SDG #7: Ensure access to affordable, reliable, sustainable and modern energy
Sustainable Development Goals Blog Series
On January 1st, 2016, the 17 Sustainable Development Goals (SDGs) of the 2030 Agenda for Sustainable Development officially came into force. Over the next 15 years, with these 17 goals, countries will combine efforts to end all forms of poverty, fight inequalities and tackle climate change. In this article we aim to familiarize you with SDG #7: Ensure access to affordable, reliable, sustainable and modern energy for all.
By Jennifer Muller en Erica Kostense Smit | 29-09-2017
SDG Goal #7 focuses on ensuring energy accessibility. Right now, on a worldwide scale, one in five people do not have access to electricity, especially in Africa and Asia.
Having a SDG about energy accessibility might seem odd at first sight. A paradox even, since energy usage accounts for approximately 60% of global greenhouse gas emissions1. However, energy accessibility is often a prerequisite in achieving many other SDGs – it therefore makes sense to have a SDG dedicated to this topic. On top of that, SDG 7 is not only about energy accessibility. It is also about the energy transition where traditional fossil fuels will gradually be replaced by more sustainable, renewable energy sources.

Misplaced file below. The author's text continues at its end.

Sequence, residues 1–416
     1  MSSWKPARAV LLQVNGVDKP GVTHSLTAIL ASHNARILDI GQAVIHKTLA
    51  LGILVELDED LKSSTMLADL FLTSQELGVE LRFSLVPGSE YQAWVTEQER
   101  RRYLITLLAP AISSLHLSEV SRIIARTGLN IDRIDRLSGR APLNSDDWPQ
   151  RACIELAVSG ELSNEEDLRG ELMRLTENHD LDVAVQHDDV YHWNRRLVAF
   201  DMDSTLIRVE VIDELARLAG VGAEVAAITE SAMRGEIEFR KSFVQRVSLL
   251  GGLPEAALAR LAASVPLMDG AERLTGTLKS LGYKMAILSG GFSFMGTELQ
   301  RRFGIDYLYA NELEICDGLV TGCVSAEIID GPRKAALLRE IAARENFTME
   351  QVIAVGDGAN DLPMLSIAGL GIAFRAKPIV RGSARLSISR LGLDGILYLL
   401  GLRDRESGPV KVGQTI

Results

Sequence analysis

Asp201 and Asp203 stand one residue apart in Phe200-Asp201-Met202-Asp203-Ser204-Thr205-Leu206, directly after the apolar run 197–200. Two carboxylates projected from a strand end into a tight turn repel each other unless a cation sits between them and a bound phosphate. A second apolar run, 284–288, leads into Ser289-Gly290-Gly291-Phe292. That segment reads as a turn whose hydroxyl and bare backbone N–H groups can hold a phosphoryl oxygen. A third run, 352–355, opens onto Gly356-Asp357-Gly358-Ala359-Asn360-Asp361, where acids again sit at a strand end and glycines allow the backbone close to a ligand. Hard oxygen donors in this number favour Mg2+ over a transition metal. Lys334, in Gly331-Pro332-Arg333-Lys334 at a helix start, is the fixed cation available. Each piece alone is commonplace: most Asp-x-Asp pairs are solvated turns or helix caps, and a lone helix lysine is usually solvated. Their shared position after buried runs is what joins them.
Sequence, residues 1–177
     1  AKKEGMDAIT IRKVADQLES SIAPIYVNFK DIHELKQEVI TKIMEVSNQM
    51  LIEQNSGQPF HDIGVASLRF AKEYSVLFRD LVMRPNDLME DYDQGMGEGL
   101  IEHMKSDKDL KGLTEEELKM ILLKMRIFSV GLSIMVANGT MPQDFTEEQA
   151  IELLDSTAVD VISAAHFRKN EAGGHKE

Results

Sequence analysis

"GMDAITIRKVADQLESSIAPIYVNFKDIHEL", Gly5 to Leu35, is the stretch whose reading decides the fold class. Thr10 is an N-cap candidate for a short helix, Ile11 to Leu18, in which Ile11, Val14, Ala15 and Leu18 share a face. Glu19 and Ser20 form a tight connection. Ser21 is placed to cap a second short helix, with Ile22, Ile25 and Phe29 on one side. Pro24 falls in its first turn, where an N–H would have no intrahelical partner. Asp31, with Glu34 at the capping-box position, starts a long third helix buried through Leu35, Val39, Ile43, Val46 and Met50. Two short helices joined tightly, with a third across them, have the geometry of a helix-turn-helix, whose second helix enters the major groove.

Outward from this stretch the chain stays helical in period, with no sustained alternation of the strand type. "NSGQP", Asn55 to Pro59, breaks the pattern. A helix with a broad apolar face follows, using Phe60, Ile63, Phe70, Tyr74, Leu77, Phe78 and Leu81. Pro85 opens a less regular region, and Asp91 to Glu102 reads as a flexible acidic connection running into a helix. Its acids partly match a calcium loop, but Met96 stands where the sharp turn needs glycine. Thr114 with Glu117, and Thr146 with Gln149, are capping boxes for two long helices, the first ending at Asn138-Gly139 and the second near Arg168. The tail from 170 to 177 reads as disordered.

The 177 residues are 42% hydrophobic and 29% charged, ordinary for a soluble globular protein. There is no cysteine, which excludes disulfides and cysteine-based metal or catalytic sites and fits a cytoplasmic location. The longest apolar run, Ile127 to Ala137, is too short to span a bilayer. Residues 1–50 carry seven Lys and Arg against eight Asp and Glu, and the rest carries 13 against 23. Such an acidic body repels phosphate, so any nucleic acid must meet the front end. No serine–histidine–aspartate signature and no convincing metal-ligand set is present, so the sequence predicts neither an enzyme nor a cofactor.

Impact on societal health (example)
As previously mentioned, accessibility to sustainable energy contributes to the realisation of many other SDGs, such as SDG 3. This SDG focuses on ensuring healthy lives, which can be closely linked to sustainable energy. For example, access to energy can have a direct effect on societal health, since many essential facilities like hospitals cannot operate without energy2. Furthermore, the need for clean energy regarding societal health can be illustrated by the striking example that currently, 2.8 billion people rely on wood and coal for cooking and heating. This results into severe indoor air pollution, which is estimated to result in over 4 million premature deaths per year3.
Long term value and cost reduction (business case)
The list of societal benefits of access to clean energy is endless, and numerous other examples can be provided. In fact, many publications about the energy transition will confirm this4. However, the question that many organisations deal with is: “Why should I make this my problem?” Our answer is simple: “Because it makes good business sense to do so”.
First of all, we know that an energy transition is eminent. Although this is great news for SDG 7, this also goes hand in hand with new challenges for society and companies. For example, transitions from central to more local production and more off the grid solutions will result in a less controllable environment. This can impact businesses to great extent. In addition, energy prices are not high enough to stimulate organisations to invest in renewables, and prices for CO2 are not nearly in the range as it should to incorporate all real societal costs.